Thanks for this post, I used to work for a strategy consultancy that specialised in this sort of area, so I'm quite interested in this.

You state your value-add comes from (a) reducing fees to zero (b) tax-efficiency (e.g. donations of appreciated securities) (c) higher-performing investment strategies

I'm interested to know whether Antigravity investments is really needed when EAs have the option of using the existing investment advice that's out there. In particular:

-- (a) you also ask if people are willing to fund you. Does this mean that an alternative model for you would be to charge your clients and then allow your funders to donate to high-impact charities? If so, doesn't that mean that the zero-cost element of your model isn't actually a big advantage after all? (not meaning to be critical, I just don't know enough about your funding model)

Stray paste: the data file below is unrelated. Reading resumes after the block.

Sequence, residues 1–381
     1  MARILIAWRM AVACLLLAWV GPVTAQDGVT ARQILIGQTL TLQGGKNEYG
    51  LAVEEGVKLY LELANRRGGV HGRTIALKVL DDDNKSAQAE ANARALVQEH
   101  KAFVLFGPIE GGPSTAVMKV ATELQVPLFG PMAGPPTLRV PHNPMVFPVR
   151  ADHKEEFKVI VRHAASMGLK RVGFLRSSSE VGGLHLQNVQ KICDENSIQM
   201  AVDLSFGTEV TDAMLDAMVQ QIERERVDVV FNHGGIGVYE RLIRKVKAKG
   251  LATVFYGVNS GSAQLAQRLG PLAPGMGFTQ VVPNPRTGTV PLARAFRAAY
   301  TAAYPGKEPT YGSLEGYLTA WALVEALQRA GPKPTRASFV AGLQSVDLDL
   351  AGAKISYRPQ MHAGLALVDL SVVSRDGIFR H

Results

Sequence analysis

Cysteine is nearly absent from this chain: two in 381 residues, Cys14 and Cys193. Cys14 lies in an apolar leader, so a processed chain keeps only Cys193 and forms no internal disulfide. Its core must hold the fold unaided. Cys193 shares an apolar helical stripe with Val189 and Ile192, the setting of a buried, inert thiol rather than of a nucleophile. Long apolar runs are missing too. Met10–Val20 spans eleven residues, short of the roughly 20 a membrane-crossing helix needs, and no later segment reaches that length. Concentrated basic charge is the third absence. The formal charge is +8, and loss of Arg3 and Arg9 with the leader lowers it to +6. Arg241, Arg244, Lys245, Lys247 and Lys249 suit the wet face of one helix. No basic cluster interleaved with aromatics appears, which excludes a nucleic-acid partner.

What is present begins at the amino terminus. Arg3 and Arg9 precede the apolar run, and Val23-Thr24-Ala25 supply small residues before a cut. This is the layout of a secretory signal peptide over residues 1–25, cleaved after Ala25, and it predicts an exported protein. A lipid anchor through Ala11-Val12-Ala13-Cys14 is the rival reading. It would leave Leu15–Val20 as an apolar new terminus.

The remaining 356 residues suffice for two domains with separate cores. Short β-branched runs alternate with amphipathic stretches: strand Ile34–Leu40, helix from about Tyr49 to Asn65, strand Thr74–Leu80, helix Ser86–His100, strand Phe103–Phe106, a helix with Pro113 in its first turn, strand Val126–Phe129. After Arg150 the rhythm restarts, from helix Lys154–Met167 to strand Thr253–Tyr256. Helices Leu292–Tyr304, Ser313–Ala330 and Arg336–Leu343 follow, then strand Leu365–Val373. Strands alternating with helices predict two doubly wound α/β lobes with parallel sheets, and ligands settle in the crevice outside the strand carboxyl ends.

-- (b) is it fair to say that donations of appreciated securities is a well-known phenomenon in tax-efficient donating, and anyone getting any kind of half-decent advice would get this anyway?

-- (c) (I understand you provide no guarantees) How many years of past performance do you have? Would you agree that in general, if a fund manager of any non-passive sort (smart beta or outright active) has a strong first few years, it's much more likely to be luck than an underlying advantage?

Sorry if the questions sounds sceptical, I'm conscious that I don't understand all the details about how you work.

This post may add grist to the mill that any such gap is a problem: https://srconstantin.wordpress.com/2017/01/11/ea-has-a-lying-problem/

(The post doesn't quite cover the same issues that Michael talks about here, but there's a parallel)